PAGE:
Engineering in the Developing World | Vijay Modi
|Vijay Modi, professor of Mechanical Engineering|
Vijay Modi is an engineer in search of problems. That is, he has changed the way he approaches engineering and, in the process, is helping address some seemingly minor challenges that, on further investigation, are extremely complex and can change the lives of a large portion of the world’s poor.
“Instead of starting with a particular skill I have and trying to apply it, I’m trying to figure out what the interesting problems are and then seeing how we can bring engineering to bear on them.”
Among those interesting problems are the suite of challenges that people in places like sub-Saharan Africa face every day and that can mean life or death. Sometimes it can be something as simple as creating an efficient, low-cost solar-powered lighting system that enables people in rural villages to do the things after sunset that others take for granted—like study or run a small shop. The trouble is, without looking for problems, the answers have not been forthcoming.
By taking this bottom-up approach, Modi has discovered that he can categorize the problems he encounters into three groups: those he can make an immediate impact on, those he has little hope of solving, and those he might be able to solve with the help from the right people. It’s that last group of problems that has attracted his attention of late, particularly the ones that the diversity of knowledge within the University can solve by developing technologies or systems that can be commercialized to improve lives in remote and difficult places.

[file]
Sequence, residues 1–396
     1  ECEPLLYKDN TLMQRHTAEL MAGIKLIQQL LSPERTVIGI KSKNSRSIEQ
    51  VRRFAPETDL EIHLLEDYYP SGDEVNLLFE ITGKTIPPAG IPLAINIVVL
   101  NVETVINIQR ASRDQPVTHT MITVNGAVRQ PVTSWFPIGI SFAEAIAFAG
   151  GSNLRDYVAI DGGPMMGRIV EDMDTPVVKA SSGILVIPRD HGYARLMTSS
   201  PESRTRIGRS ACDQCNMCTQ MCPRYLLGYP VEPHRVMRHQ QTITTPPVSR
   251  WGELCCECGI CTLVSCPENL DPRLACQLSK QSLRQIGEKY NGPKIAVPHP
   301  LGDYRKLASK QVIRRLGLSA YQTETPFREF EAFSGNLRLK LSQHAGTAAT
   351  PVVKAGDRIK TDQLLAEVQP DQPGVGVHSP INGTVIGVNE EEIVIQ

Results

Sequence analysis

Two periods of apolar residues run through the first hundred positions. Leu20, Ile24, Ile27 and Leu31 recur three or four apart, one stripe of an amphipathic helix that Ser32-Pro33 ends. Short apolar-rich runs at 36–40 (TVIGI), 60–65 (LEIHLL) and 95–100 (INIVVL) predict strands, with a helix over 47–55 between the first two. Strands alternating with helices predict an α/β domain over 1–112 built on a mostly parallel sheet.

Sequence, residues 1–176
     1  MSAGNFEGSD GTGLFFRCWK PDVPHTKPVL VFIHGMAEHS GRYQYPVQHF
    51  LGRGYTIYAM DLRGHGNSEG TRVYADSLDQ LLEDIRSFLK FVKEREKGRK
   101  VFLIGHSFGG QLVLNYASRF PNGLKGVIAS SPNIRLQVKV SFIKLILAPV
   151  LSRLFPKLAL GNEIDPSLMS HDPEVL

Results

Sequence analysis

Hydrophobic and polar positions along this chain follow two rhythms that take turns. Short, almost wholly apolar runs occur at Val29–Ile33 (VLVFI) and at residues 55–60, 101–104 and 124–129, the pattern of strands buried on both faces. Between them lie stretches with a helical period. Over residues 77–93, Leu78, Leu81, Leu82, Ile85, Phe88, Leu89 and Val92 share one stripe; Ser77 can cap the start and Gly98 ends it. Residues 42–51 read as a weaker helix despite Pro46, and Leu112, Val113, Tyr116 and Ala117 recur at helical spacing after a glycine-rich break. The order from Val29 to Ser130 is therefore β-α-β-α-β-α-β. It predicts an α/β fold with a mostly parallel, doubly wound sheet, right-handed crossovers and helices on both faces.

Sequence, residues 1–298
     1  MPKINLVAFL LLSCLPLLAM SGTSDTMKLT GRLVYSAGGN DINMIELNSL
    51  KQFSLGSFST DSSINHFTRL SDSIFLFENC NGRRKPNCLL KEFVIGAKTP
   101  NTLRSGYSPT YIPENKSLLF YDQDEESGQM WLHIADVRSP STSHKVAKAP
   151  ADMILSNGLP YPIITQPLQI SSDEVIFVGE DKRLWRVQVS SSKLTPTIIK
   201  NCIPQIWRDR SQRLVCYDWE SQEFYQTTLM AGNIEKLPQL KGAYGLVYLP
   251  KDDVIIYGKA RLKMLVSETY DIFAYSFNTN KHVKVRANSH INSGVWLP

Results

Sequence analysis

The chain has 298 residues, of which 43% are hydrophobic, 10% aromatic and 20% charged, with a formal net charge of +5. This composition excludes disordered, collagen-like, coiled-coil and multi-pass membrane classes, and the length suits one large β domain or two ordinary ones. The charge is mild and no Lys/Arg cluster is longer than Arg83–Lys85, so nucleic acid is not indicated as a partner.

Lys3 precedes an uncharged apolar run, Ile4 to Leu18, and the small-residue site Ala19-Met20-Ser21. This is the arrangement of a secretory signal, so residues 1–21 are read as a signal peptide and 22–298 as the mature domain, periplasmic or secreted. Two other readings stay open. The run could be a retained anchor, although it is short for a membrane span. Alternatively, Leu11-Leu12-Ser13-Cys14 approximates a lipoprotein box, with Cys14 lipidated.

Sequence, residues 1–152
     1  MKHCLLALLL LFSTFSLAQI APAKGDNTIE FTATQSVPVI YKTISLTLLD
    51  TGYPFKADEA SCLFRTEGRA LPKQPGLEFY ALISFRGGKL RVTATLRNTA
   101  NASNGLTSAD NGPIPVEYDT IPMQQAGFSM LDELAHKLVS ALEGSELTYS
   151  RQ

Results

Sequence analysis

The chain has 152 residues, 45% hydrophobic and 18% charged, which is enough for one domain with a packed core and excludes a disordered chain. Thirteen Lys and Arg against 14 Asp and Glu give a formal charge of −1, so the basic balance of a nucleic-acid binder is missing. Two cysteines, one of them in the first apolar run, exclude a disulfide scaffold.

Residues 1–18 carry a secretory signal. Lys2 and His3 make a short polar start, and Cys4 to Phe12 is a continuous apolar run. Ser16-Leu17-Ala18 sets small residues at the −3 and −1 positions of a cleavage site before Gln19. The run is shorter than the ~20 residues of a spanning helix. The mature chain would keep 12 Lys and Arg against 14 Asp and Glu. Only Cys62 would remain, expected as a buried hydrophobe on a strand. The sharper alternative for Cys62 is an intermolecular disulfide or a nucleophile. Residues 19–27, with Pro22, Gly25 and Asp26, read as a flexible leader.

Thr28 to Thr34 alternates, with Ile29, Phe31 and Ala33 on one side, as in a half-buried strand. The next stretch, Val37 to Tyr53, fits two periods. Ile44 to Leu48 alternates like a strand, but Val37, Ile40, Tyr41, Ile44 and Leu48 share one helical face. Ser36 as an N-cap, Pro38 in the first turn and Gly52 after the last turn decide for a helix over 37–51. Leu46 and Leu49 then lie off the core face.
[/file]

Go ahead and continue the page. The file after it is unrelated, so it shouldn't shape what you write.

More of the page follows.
It wasn’t always that way. When Modi arrived at Columbia in 1986, he focused on fairly conventional questions involving fluid flow and heat transfer. A meeting with Nicholas Themelis and exposure to the work of the Earth Engineering Center soon refocused his priorities on more applied problems that, as he describes it, have fallen through the cracks of the academic community and private sector alike.
“Engineering research carried out in academia has started to lose connection with the profession of engineering, which is about solving problems,” said Modi, a professor in the Department of Mechanical Engineering. “What historically separated science and engineering was that science was about the pursuit of knowledge and engineering has been about the pursuit of problems.”
The key, he has found, lies in assembling people with the skills he needs and a desire to apply them to what, at first, might seem to be a problem not traditionally associated with those skills. For example, in recent work to understand the problem of local water access in Africa’s Sahel region, Modi assembled a team that included a remote sensing specialist, an expert on entrepreneurship and business, and a social scientist with experience understanding people’s environmental decision-making.
Through his connections across the University, Modi has helped designed and test low-cost solutions to such developing-world problems as the need for a cleaner and more efficient cook stove to help reduce the environmental impact of burning fuel wood and robust IT systems that allow access to information from remote agricultural villages.
“These are projects that are not typically driven by large amounts of funding, but they occur in places that are in need of innovation,” said Modi. “The key is to figure out how to make innovation happen in a low-cost market.”